Comment: Re: What's so American (Score 1) 531

All of life is done by people. Our constitutional republic was a theory done by people.
Seems to be better than the governmental systems which existed before the US was established.

It seems like Net Neutrality is better than a throttled system. Should we toss our hands in the air because humans are somehow involved in this process or do we use our brains to setup a playing field that preserves Net neutrality?

Comment: Re:Formal school 4 months a year (Score 1) 421

by Wild_dog! (#47640413) Attached to: Slashdot Asks: Should Schooling Be Year-Round?

Most of the significant learning happens outside of school. School is there to teach just the basics to survive in our society. The rest of the real learning starts after kids get our of school. Kids need to be taught how to learn. they don't need to spend endless hours being lectured at. Learning happens best when kids find a reason to do so.

Comment: Re:Yes (Score 1) 421

by Wild_dog! (#47640407) Attached to: Slashdot Asks: Should Schooling Be Year-Round?

3 weeks doesn't have the same creative learning potential as does 2 1/2 months. The break is what changes the culture and allows kids to experience an alternative life. Alternative living enhances things to a degree that school is simply deficit in.
My favorite bumper sticker has always been "Don't let school get in the way of your education."
After 24+ years of schooling I still realize that school is largely a game. Life outside of school is where the most significant & practical education takes place.

Comment: More learning happens outside of school than in it (Score 1) 421

by Wild_dog! (#47640383) Attached to: Slashdot Asks: Should Schooling Be Year-Round?

Creativity and imagination are more stimulated by the long days of summer than much of what we learn in schools. I would never want my kids to miss out on this. I wouldn't want them to not have the time to think and create with their friends on their own terms. The time for regimentation and order comes quickly enough. Let the kids have the time they will cherish for the rest of their days.

"Around the world, American schools' long summer break is viewed as an anomaly"

I think I need more qualification about this statement. I don't think most people around the world have any inkling about our school schedule. Even fewer would view our summer break as anomalous. Of the countries I have been in and I have been in quite a few, most had lengthy summer breaks as well.

Comment: Re:Mice don't get 'Alzheimer's disease'... (Score 1) 105

Not to burst anyones bubble, but any created that doesn't eat or move will not have a very long existence.
Any creature with full Alzheimer's would not survive long either.
But as in Humans, I would imagine Alzheimer's takes a while to fully render the creature demented.

Comment: Re:Political background (Score 1) 151

by Wild_dog! (#47468885) Attached to: Scotland Could Become Home To Britain's First Spaceport

"Whether you like it or not, the tide of history is moving from smaller to larger groups."

Things tend to happen whether anyone likes it or not. That is not really specific to me.
You are right about the tide of history of smaller groups moving to larger ones. Possibly the eventual world will be one giant entity with some form of feedback loop for governance that allows for greater say by the populace on how that governance is manifest. Checks and Balances and Divided government and Voting will certainly be parts of the equation if such a government could exist.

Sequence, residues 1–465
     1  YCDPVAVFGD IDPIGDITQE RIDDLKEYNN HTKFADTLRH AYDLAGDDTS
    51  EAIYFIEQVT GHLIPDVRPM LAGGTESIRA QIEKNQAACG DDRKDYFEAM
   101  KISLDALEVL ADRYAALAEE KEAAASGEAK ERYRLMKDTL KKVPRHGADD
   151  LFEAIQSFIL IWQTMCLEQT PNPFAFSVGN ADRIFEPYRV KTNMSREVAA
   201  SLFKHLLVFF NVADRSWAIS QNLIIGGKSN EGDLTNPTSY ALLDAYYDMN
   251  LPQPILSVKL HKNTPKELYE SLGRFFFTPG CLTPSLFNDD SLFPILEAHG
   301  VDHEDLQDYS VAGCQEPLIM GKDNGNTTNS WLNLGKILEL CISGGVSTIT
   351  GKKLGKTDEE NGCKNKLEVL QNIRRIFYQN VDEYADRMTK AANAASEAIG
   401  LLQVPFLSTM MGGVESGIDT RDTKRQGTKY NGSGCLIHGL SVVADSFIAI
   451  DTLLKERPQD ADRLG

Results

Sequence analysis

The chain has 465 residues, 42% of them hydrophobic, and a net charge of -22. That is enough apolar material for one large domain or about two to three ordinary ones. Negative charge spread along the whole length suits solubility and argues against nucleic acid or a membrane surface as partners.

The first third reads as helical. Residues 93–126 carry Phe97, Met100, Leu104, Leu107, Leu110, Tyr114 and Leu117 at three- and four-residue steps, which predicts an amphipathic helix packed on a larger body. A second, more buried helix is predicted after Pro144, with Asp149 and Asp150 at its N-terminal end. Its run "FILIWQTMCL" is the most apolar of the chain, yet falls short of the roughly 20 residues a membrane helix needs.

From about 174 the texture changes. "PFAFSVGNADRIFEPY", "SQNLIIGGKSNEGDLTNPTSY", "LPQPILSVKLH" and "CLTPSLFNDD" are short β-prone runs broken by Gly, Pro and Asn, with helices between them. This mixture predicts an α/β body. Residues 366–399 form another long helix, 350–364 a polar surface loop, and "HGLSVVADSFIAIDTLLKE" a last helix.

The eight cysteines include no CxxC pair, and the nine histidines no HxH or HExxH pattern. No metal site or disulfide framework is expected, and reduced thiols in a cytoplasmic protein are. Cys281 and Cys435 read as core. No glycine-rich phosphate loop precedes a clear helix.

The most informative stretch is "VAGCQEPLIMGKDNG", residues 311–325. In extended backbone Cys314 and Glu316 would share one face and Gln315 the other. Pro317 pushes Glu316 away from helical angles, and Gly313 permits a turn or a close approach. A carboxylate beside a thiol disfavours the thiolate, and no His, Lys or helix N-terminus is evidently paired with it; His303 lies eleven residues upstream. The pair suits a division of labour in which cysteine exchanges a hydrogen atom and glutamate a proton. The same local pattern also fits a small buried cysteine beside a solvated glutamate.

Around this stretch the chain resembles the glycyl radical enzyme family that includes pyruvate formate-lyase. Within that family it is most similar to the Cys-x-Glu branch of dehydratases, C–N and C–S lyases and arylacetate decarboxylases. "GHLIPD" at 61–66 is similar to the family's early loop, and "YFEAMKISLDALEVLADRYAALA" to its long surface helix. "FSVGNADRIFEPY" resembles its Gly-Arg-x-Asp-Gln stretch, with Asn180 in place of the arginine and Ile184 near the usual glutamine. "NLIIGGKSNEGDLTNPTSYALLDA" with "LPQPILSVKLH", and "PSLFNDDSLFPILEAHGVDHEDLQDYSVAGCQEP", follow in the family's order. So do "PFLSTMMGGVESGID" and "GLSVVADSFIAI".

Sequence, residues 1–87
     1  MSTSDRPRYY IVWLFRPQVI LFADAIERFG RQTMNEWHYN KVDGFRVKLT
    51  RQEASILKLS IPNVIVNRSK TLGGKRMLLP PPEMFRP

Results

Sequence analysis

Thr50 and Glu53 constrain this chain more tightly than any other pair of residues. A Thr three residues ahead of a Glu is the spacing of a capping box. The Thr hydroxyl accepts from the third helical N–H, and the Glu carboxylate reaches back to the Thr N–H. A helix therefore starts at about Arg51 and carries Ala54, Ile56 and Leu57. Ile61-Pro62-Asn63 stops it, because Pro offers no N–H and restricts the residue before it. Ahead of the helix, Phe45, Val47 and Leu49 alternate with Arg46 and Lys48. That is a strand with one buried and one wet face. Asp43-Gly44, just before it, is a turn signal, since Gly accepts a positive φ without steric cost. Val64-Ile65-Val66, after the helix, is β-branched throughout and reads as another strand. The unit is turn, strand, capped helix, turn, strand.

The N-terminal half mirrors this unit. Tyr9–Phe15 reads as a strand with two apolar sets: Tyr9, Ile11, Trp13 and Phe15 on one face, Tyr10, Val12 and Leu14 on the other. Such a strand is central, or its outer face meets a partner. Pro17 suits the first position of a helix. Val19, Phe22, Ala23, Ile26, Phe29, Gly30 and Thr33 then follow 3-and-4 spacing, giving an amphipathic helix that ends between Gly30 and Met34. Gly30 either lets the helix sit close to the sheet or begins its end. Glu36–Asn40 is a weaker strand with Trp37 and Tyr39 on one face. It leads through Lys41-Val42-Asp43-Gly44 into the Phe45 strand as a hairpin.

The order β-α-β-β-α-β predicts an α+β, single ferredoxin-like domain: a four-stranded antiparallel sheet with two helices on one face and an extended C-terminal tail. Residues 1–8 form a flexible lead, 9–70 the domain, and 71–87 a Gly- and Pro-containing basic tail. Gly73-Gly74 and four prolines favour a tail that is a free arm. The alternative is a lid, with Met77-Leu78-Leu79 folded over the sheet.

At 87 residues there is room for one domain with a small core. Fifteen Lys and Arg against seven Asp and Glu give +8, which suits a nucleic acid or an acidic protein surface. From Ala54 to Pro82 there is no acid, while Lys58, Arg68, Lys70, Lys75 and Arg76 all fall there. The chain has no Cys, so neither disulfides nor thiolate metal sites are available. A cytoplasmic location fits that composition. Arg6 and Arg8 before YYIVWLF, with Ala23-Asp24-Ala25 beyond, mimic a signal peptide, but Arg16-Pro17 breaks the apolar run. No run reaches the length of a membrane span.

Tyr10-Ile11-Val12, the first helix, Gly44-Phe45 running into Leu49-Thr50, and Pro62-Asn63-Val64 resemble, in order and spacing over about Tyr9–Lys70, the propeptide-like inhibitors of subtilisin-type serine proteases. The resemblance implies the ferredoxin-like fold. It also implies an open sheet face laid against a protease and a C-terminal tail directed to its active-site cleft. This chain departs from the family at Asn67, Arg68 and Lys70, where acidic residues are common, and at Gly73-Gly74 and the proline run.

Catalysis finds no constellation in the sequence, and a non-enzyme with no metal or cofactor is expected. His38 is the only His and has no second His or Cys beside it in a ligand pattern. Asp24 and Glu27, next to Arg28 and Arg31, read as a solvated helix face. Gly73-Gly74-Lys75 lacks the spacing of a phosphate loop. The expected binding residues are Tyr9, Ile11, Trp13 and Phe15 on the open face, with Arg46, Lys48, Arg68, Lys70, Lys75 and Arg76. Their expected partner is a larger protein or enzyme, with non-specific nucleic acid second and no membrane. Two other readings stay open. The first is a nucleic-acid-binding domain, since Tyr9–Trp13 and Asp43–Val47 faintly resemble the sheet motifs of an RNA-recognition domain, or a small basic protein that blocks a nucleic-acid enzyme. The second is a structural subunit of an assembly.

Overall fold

In the interim however, I think there is a counter movement toward smaller units gaining more say in their own affairs as larger entities are formed. Even in my own community which is a small town, we seem to be gaining more autonomy over certain aspects of our governance even in the face of larger overarching governance. The state provides the overarching rules, but within those rules it is the local government that determines how such rules will actually be implemented.

"I really could not care about how the UK was not created well. It can work well nowadays. 1745 was a long time ago."

Certainly the past is the past. The UK was formed in the way most large nation states formed back then conquest. That is fine.
I think more pertinent to today is the question 'can a group have more autonomy if they feel their needs would be better met by smaller governance'. It seems to me that the argument has to do more with the idea that many of the Scots would like more say in their own affairs today. But like everyone else they also seem to want to be part of something bigger in retaining membership in the EU. Belonging to a bigger geopolitical marketplace won't be such a problem for the Scots if they choose to have greater local control over their own affairs in my opinion.

"The UK is not perfect but neither is my car. I won't make my car work better by sawing bits off."
This is analogy seems a bit off point to me.
Separating the 2 countries is not like lopping a baby in 2. It is more like separating a liver. Both parts can function and grow separately of one another because both are fully functioning even though both will have diminished size from what the whole was. Both can grow to have economies that are larger and function well also.

"Despite what the SNP tells us, if Scotland leaves the UK, it leaves every alliance the it is in."
Not really. Scotland will get to pick its own alliances and reframe how those alliances are formed is all. That means greater liberty to follow ones own course in my book and is a net positive. Every alliance formed for the UK will be revisited by all of the parties for similar terms with the Scots. Who knows, I can see scenarios where the Scots will have opportunities to form even broader alliances with parties the UK won't form alliances with.

"It will be able to apply for entry but this is not a fast process and meantime, we are outside."
I think it will be more like a rubber stamp or somewhere in between that and new EU member applications. Scotland is already in the EU as part of the UK.
Some specifics will need to be worked out, but the process will not be very lengthy or even likely inconvenient. I could see the EU giving the Scots a tentative waiver for many functional things so the transition won't be too disruptive. The EU is hoping for a greater level of stability. It is not in their economic interest to keep the Scots at arms length. They are a know quantity. The EU will avoid throwing even more chaos into their western borders in my estimation. It is in the EU's interest to move to lock down stability with Scotland rather than create greater problems.

When the weight of the paperwork equals the weight of the plane, the plane will fly. -- Donald Douglas